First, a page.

Our friends there tell us that the main thing that's changed is prices, because Syria like the region as a whole has been experiencing high inflation. Surprisingly when we were travelling there ourselves we found the last edition to be in reasonably good shape and we were constantly bumping into people using our previous edition, which was 4 years old by then, and they were still telling us they loved it and were getting a lot out of it. For that previous edition we wrote Lebanon and - because the other author, Andrew Humphreys, changed his mind at the last minute and decided not to update Syria again (Andrew had written the two previous editions), we went to Syria of our own accord (and financed the trip, mind you!) to update Damascus and Aleppo. This time, however, another writer updated Lebanon and we gave Syria a really thorough overhaul.
WE: What is your background/history in Syria and Lebanon?
LD: Terry and I have been travelling to Syria and Lebanon since 1998. As we've been based in the United Arab Emirates since then, it's a short flight for us, and fares are cheap (especially on Air Arabia), so we've travelled extensively around both countries, and would often visit, perhaps for long weekends, or for a film festival, and Terry would go snowboarding in Lebanon every winter. He'd wait for a report of a snowfall and then he'd be on a plane the next day.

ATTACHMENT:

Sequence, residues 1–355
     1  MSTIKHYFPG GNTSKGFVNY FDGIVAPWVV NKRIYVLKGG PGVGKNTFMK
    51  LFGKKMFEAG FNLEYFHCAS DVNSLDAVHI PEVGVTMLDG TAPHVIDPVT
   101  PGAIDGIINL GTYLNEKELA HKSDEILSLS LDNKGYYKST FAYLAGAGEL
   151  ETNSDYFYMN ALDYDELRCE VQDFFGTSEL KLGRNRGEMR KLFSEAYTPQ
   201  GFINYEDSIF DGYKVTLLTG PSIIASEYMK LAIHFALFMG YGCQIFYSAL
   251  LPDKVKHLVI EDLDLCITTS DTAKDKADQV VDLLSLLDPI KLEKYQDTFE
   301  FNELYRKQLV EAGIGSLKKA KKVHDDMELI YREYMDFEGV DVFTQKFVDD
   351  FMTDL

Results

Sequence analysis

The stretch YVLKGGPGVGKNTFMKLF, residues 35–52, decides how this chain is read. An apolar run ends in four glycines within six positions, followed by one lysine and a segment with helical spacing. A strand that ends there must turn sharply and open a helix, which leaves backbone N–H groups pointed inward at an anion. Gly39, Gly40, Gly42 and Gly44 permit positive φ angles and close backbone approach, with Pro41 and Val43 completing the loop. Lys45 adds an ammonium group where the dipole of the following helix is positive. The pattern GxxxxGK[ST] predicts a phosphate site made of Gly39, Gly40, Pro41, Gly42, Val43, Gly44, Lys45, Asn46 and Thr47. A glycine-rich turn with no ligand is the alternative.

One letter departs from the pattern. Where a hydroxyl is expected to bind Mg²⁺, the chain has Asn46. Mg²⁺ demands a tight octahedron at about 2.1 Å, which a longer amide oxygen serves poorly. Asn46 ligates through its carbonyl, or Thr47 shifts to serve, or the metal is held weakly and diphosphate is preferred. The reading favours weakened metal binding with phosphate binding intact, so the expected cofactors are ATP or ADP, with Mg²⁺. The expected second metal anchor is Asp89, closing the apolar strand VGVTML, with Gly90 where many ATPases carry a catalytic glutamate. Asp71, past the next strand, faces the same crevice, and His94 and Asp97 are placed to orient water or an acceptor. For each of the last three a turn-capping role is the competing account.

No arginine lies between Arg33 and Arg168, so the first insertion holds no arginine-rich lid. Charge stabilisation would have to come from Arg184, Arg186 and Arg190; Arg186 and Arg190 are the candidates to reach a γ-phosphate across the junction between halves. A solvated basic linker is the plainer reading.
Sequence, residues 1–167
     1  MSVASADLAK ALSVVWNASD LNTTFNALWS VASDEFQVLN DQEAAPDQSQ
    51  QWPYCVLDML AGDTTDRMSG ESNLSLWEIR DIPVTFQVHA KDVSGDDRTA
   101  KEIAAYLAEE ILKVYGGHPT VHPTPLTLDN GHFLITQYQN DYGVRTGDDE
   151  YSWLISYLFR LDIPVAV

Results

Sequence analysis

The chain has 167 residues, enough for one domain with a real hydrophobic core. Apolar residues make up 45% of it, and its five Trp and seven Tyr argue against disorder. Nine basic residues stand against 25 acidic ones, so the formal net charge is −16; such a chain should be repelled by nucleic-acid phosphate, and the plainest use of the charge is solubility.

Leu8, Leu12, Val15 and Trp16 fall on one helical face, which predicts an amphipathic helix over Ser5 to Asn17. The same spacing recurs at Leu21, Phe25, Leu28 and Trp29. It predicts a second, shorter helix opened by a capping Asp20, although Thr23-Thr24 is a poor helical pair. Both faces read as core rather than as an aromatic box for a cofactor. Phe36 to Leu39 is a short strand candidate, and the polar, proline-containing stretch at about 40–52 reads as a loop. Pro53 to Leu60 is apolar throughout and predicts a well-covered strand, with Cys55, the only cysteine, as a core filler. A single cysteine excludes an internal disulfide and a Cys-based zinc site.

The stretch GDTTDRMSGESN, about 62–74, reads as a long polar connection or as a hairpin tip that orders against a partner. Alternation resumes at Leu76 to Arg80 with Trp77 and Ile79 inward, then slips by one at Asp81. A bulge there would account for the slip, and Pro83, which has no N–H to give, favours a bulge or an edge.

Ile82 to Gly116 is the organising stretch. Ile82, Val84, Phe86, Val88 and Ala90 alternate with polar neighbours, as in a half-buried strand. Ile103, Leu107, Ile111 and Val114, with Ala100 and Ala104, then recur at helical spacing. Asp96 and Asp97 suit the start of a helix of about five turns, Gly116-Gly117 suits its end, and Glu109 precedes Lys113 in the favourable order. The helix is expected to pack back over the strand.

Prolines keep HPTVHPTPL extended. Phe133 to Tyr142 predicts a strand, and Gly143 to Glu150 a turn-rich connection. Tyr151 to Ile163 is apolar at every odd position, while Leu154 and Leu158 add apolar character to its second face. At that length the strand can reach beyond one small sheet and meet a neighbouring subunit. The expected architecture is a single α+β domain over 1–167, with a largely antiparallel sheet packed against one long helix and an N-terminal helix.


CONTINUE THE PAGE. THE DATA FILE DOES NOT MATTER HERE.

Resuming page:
WE: This geographic area is so full of history, and still seems to be constantly evolving. Is it challenging, for visitors (and travel guide writers) to try to balance this?
LD: You're right that both countries are full of history. Damascus and Aleppo are two of the world's oldest continuously inhabited cities, and both Syria and Lebanon boast ancient Roman ruins, historic churches and crusader castles. There are some brilliant books that cover the archaeology and significant historic sites extensively - the two best ones (and our favorites) are Ross Burns' 'Monuments of Syria' and Warwick Ball's 'Syria: A Historical and Architectural Guide'. We don't in any way try to replicate what those books do. If that's people's interest (and even if it isn't, because these books will get you hooked!) we recommend they get those as they make great companion pieces to our guide.